Ravens’ Dean Pees responds to criticism of his defense: ‘I’m tired of the sky falling around here’

Ravens defensive coordinator Dean Pees walks off the field after losing to the Bears last Sunday.
Ravens defensive coordinator Dean Pees walks off the field after losing to the Bears last Sunday. (Kenneth K. Lam / Baltimore Sun)

Three weeks ago, Ravens defensive coordinator Dean Pees vociferously rejected criticism of his unit after it had been gashed for 166 rushing yards, 4.7 yards per carry and one touchdown in a 44-7 thrashing by the Jacksonville Jaguars.

On Thursday, Pees launched into another passionate defense after the team surrendered a franchise-worst, single-game-high 231 yards rushing in a 27-24 overtime loss to the Chicago Bears on Sunday.


Asked a seemingly innocuous question about Minnesota Vikings quarterback Case Keenum, Pees provided his perspective before making a detour to discuss the defense's play in the setback to Chicago.

"So I know everybody talks about the running game, but everybody was feeling good after Oakland," he began, referring to a 30-17 victory over the Raiders on Oct. 8. "We gave up 245 yards and 17 points, and at the end of regulation last week, we gave up [259] yards and 17 points and then [3.6] yards per carry. When they run the ball 47 times, guys get caught up in fricking numbers, and it's not, it's about yards per carry. …

"Our problem is we gave up a big play in overtime. That's what happened. We gave up a big play. It's not doom and gloom. It's not the sky is falling. We've got to quit giving up the big plays. That's it, bottom line. We missed a tackle and gave up a big play, and really not only [strong safety] Eric [Weddle]. We had some other guys that should have been right around the ball, and we weren't. So that's our fault. We've got to get everybody to the ball. But whenever you win, you look at all of the negatives, and whenever you lose, sometimes you look at what is positive.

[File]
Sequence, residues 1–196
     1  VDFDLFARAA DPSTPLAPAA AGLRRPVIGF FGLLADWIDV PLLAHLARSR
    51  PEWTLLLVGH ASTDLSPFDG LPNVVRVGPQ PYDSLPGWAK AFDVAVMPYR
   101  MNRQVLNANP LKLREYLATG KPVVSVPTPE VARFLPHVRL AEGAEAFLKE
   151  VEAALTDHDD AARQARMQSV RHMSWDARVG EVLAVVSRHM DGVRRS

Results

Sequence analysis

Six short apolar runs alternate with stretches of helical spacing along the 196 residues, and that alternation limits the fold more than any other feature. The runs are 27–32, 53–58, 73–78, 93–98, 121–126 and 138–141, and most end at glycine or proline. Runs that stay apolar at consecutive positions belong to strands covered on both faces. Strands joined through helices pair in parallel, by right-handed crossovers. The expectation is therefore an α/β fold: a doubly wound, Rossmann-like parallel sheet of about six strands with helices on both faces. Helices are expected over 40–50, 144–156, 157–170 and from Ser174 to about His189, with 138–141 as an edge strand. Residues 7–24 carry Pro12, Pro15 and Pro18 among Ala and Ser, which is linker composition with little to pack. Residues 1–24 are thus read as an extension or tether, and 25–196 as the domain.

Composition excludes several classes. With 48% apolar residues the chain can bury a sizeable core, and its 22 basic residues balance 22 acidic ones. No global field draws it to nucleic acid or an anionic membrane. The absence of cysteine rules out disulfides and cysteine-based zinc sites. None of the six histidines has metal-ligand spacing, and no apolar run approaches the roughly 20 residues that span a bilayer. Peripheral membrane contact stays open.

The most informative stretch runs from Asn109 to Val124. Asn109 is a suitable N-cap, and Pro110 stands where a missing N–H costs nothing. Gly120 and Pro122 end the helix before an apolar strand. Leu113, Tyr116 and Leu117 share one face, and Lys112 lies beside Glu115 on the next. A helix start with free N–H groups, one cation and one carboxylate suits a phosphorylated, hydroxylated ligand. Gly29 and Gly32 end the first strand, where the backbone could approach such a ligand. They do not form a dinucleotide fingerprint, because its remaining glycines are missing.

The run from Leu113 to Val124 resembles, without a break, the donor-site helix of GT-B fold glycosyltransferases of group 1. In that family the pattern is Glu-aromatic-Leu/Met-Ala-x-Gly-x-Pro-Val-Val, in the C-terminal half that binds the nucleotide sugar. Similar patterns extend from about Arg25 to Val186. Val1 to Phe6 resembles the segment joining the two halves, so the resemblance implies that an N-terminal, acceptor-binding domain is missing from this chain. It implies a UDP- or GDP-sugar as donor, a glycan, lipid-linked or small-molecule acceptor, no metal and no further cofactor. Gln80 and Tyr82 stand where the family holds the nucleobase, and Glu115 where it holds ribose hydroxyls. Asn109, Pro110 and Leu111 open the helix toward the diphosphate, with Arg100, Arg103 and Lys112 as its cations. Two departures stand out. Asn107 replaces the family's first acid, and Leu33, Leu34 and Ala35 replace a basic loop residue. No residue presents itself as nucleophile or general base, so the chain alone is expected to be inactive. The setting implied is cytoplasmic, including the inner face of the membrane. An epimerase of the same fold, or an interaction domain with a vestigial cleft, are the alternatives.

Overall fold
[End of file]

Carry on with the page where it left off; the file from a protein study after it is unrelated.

"I'm tired of the sky falling around here. I really am," Pees continued. "I'm really sick of it. You know, our defense last week on a third down-and-1, was that a third-and-critical-1? If they get that first down, is the game over? They're taking a knee. What did we do? We stopped them. [They] kicked the ball, got the ball forced. Half of the stands are gone, right? Everybody's going home, and we run a punt back for a touchdown and tie the game up. So that's a hell of a play, and I'm proud of the defense for doing that. When we went into overtime, what did we do on the first series? They got the ball, and what did we do? Stopped them. We just can't give up a big play. Still, the bottom line, I'm still not trying to excuse that. I'm just saying I'm not doom and gloom. I'm not going to buy into that crap. We're a pretty damn good defense, and if we quit giving up big plays, we'll be damn good statistically. Enough said."

After that answer, the tension seemed to dissipate. Pees ended his weekly news conference by quipping, "I'm getting my words in today. So I'm getting it off my chest. … Hey, I'm 68 years old. I could really give you-know-what."